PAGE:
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Wetherspoon profits jump as Covid recovery continues

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Wetherspoon, the pub chain, has experienced a significant surge in profits, marking an eightfold increase, as it continues its recovery from the Covid-19 pandemic.

Pre-tax profits soared from £4.6 million to £36 million in the first half of the financial year, driven by higher footfall in the group’s pubs.

Despite a reduction in the number of pubs, Wetherspoon’s overall sales have been on the rise, with bar sales witnessing a notable 12% increase over the year. The top-selling items for the chain, which operates 814 pubs, were coffee and Pepsi, while food sales and slot machine revenues also saw growth.

Although sales growth has continued into the new financial year, the pace has slowed down, leading to a 6% drop in the company’s shares. Founder Tim Martin described the financial results as “good” but not “sensational,” characterising the recovery from the pandemic as a “slow three-year slog.”

However, Wetherspoon’s profit margins for the six months remained at 6.8%, below its pre-pandemic levels of 7.1%. Derren Nathan, head of equity research at Hargreaves Lansdown, acknowledged the impressive recovery but noted that margins are still thin, with limited indications of future improvement.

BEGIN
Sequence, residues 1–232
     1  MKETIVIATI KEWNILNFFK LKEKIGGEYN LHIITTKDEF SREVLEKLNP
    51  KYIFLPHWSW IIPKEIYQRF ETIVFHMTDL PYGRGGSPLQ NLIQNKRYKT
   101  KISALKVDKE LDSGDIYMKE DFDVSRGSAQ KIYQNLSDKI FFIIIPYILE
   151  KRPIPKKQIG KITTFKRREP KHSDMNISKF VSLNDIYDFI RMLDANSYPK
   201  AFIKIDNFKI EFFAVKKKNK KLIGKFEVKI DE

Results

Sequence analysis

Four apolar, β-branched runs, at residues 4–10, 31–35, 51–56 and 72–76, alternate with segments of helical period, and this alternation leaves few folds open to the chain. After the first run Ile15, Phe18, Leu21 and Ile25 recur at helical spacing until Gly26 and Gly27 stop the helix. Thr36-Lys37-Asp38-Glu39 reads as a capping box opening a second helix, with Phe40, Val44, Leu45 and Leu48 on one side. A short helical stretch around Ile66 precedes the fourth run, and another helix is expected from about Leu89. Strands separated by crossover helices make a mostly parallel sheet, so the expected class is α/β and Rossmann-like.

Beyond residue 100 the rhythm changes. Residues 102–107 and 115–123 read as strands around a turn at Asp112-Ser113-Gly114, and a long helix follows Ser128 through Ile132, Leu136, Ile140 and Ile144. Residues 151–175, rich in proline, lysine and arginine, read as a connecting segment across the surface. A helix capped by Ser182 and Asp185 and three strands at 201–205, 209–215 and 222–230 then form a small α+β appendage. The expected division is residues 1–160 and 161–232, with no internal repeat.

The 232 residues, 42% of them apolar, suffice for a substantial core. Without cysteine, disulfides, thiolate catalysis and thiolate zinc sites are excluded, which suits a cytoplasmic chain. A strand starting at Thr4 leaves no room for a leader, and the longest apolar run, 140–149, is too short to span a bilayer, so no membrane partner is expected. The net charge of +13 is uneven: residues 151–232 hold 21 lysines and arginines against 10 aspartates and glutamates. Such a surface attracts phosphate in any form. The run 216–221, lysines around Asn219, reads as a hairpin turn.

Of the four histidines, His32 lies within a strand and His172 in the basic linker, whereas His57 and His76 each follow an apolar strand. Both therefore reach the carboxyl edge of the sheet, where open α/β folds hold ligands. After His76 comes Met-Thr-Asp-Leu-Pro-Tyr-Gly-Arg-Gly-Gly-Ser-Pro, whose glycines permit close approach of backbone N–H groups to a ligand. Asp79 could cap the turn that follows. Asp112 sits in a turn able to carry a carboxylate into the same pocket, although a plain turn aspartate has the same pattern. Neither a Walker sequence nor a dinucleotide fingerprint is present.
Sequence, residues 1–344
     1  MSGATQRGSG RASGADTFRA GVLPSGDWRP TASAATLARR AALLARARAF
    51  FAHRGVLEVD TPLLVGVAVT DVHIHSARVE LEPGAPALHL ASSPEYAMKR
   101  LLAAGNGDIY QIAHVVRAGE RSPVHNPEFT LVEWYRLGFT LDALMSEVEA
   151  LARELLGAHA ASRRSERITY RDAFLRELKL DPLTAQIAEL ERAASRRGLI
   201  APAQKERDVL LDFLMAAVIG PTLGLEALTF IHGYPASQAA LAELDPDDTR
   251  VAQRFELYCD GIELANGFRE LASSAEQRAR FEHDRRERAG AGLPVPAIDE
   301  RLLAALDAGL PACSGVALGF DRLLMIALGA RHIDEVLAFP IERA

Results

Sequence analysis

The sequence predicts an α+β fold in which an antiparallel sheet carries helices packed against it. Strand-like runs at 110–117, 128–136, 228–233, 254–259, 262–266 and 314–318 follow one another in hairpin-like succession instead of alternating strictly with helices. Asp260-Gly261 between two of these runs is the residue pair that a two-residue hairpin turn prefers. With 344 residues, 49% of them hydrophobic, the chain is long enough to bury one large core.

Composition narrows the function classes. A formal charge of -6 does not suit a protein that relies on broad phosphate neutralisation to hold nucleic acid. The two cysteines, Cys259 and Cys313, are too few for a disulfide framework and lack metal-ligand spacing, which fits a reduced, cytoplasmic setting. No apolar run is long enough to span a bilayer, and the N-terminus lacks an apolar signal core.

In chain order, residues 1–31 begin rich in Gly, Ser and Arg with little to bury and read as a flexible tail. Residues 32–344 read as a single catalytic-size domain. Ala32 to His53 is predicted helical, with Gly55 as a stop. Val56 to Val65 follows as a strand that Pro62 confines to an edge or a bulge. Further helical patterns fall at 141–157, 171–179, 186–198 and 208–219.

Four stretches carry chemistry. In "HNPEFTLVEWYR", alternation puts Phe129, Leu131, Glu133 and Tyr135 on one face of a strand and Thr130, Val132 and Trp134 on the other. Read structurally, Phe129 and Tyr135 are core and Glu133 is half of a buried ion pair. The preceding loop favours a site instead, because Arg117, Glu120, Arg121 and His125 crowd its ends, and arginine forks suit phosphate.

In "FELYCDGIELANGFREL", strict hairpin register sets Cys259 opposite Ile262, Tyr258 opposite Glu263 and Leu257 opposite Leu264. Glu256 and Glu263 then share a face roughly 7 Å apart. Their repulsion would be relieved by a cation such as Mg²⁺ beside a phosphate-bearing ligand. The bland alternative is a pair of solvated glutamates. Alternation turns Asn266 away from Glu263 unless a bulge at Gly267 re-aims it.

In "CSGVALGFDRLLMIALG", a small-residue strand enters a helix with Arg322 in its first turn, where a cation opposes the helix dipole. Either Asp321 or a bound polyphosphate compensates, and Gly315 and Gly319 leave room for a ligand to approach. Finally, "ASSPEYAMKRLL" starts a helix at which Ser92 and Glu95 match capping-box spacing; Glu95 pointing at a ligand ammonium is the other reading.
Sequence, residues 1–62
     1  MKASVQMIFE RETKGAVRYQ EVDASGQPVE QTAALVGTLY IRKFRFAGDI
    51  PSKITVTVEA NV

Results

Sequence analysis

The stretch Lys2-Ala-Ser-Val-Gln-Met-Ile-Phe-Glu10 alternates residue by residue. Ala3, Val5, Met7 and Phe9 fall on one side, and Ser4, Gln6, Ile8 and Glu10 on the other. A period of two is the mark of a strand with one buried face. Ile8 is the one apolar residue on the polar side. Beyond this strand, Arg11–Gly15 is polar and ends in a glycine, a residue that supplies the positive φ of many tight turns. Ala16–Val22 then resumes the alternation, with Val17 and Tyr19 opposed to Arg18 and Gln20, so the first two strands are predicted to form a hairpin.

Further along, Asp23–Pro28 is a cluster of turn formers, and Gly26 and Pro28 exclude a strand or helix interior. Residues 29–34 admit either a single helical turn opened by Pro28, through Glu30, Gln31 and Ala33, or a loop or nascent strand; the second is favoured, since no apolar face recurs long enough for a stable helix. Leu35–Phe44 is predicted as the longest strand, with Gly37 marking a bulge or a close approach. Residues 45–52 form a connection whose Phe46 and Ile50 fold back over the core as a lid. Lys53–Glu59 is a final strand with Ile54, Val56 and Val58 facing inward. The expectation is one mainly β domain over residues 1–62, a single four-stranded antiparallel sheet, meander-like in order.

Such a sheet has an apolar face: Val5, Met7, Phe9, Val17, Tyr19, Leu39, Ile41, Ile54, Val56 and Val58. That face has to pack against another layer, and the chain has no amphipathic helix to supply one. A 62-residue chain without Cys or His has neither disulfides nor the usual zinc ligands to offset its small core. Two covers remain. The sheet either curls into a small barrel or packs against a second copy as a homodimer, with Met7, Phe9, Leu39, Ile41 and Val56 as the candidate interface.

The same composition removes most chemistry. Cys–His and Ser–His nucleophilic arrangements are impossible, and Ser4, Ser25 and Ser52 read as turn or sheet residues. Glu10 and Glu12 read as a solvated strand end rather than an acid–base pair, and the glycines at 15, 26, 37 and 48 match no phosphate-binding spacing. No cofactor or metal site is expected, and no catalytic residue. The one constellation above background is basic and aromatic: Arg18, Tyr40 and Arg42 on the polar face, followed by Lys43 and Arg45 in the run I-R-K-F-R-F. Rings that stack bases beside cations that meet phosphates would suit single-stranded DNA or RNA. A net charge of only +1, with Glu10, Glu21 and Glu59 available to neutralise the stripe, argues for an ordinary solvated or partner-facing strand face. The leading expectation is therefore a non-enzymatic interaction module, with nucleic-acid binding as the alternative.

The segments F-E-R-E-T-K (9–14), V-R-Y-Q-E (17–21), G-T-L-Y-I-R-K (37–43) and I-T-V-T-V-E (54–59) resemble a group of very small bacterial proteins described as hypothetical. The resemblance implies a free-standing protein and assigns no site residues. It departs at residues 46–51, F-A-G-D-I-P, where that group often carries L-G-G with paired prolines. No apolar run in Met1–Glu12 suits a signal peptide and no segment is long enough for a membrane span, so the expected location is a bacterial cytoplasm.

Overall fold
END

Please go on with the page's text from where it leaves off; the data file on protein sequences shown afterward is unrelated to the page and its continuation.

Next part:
Wetherspoon has streamlined its operations by reducing the number of pubs from 955 to 814 in recent years, resulting in a significant increase in sales per pub. Mr. Martin emphasized the high tax burden on pubs and restaurants in the UK compared to supermarkets, advocating for tax equality to rejuvenate High Streets and town centers.

He called for a reduction in VAT rates on restaurant and food sales, similar to those in other European countries where rates typically range from 5-10%. This, he believes, would create a more favourable business environment and support the revitalisation of local economies.

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